A term you hear around Washington to denote the areas of cooperation between government agencies is “interface.” Such terms usually leave me pretty cold but this one does have some descriptive value.

There will be plenty of problems between the Air Force and NASA, but not by any means all at the “interface” points such as Cape Canaveral. Neither of us would be true to trust or tradition if there weren’t. Any machine as big as the national space effort is bound to have some kind of friction. But just remem­ber, a clutch is a friction interface. Its purpose is to join two shafts for the transmission of power.

The power we can get will provide protection for the free world in space. This was my third point—to make sure that no aggressor can exploit space, either for expansionism on earth or interference in space with the peaceful pursuits of the free world.

The people of the United States know they must have an Air Force second to none if they are to apply their strength constructively in peace. My fourth point covers just a few things, then, that the Air Force officer must believe, know, and practice.

Get these ideas straight:

The Air Force is at the highest state of readiness and response capability in all its history.

It is strengthening that posture almost monthly.

It needs better people than ever before. It has more opportunity for their professional growth and poten­tial contribution to the nation’s defense than ever before.

It needs the old skills, but to a far greater degree, for AFCOIN and General Purpose Forces, for airlift and air defense, and for the new mission of heavy multiman-crew, long-endurance aircraft.

And then it needs that whole new range of skills, the skills and techniques which are being developed by the Slaytons, the Coopers, the Grissoms—and all of their colleagues, civil and military—to enable America to keep her place as freedom’s leader by strength and conviction.

The Air Force is an organization of professionals. It takes brains and hard work to keep up. The com­petition is tough, but the opportunities to serve your country and make a mark in the service to which you have dedicated your lives will continue to expand.

It all adds up to a reminder for those who wear the Air Force uniform that the wild blue yonder is still beyond.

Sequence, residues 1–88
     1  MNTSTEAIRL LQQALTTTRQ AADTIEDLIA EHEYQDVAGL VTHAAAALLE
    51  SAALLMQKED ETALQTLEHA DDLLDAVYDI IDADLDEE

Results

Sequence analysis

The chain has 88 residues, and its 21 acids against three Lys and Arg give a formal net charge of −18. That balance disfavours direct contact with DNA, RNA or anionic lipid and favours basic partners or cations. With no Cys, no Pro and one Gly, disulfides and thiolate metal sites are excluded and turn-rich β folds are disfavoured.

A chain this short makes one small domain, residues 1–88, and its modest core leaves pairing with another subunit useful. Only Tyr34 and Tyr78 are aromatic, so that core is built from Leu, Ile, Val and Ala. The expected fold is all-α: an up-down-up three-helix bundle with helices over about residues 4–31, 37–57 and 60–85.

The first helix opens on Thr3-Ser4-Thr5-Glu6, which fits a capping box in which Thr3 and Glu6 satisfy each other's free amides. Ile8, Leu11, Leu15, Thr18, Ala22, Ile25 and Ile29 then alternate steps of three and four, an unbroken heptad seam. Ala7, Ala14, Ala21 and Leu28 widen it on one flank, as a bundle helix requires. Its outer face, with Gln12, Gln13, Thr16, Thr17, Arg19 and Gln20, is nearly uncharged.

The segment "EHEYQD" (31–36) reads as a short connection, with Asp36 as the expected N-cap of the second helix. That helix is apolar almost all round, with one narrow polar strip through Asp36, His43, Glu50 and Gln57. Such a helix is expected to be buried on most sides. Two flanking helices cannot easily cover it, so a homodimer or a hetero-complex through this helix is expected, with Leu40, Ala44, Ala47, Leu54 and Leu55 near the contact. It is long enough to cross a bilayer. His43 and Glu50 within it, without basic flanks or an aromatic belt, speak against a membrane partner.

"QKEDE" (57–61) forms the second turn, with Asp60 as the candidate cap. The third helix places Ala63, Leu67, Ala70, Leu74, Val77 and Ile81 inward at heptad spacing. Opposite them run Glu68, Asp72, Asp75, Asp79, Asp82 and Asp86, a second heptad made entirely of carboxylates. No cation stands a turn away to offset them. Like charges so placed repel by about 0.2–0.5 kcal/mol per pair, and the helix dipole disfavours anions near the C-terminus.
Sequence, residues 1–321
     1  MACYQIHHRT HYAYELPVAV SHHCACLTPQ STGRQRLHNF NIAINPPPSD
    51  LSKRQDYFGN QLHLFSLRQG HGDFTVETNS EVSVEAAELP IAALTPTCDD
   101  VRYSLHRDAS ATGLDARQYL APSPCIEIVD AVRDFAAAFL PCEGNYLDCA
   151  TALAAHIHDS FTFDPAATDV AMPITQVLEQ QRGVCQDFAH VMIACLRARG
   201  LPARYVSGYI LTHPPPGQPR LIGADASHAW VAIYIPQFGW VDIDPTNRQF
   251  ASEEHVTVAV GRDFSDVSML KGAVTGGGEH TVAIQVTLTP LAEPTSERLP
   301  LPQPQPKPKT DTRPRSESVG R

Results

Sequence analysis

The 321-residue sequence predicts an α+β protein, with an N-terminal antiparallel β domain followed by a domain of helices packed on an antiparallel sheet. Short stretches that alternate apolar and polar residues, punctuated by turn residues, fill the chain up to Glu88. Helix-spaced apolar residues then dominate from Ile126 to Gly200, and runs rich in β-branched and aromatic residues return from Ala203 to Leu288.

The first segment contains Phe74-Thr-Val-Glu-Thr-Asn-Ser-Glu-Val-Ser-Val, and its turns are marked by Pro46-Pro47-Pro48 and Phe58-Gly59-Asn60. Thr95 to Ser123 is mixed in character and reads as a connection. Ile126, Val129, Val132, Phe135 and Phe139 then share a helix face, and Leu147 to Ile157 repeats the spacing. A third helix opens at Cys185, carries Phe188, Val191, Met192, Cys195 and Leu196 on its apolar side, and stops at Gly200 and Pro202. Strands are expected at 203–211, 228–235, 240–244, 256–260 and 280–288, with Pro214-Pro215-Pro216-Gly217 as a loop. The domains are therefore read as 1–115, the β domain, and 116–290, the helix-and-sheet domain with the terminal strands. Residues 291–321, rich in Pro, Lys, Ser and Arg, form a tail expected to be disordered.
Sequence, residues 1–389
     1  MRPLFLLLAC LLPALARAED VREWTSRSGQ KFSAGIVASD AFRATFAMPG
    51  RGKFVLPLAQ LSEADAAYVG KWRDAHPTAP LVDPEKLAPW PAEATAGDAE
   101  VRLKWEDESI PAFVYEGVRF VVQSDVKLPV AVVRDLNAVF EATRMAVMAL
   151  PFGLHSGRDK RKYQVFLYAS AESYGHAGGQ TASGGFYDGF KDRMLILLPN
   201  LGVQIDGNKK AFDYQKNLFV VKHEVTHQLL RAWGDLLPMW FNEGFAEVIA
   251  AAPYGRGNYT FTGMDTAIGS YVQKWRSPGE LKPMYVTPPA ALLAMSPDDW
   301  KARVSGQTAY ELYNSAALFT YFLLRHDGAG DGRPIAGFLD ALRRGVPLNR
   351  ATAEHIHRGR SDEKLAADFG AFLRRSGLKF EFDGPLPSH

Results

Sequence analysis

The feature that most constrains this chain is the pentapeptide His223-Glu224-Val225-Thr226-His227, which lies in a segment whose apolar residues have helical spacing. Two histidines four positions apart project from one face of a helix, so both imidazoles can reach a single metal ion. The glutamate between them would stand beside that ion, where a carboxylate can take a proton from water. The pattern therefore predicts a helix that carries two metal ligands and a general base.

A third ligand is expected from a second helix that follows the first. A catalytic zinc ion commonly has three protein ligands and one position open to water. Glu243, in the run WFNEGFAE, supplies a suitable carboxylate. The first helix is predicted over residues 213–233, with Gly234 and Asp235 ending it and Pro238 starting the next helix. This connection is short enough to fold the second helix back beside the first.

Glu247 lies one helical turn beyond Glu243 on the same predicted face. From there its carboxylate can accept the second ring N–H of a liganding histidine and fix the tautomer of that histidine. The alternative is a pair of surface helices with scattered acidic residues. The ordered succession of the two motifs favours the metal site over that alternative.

Eugene M. Zuckert was named Secretary of the Air Force by President Kennedy in 1961 after a long and distinguished career in law, business, and government service that has included pioneering efforts in the legal aspects of atomic energy, membership on the Atomic Energy Commission, the Assistant Secretary­ship of the Air Force under the first Air Force Secretary, now-Sen. Stuart Symington of Missouri, membership on the faculty of the Harvard Graduate School of Business Administration, and many important advisory posts in the defense field. A native of New York City, he received his law degree from Yale University. Mr. Zuckert has also served as a director of the President’s People-to-People Health Program, which sponsors the USS Hope seaborne medi­cal mission to underdeveloped countries of the world. He is also one of the prin­cipal architects of statistical control systems used by the Air Force. The above is condensed from a speech delivered by the Air Force Secretary to personnel at the Air Force Missile Test Center, Patrick AFB, Fla., March 3, 1963.

Technological Teamwork: How USAF Boosts the National Space Program

In recognition of the increased impact of space programs on our national resources and their direct effect on our future national security, Air Force space activities are closely coordinated with the National Aeronautics and Space Administration. One example is the recent agreement between the Department of Defense and the National Aeronautics and Space Administration on the Gemini program. The intent is to ensure that the scientific and operational experiments undertaken as a part of the Gemini program will be directed toward satisfying both military and National Aeronautics and Space Administration requirements and objectives.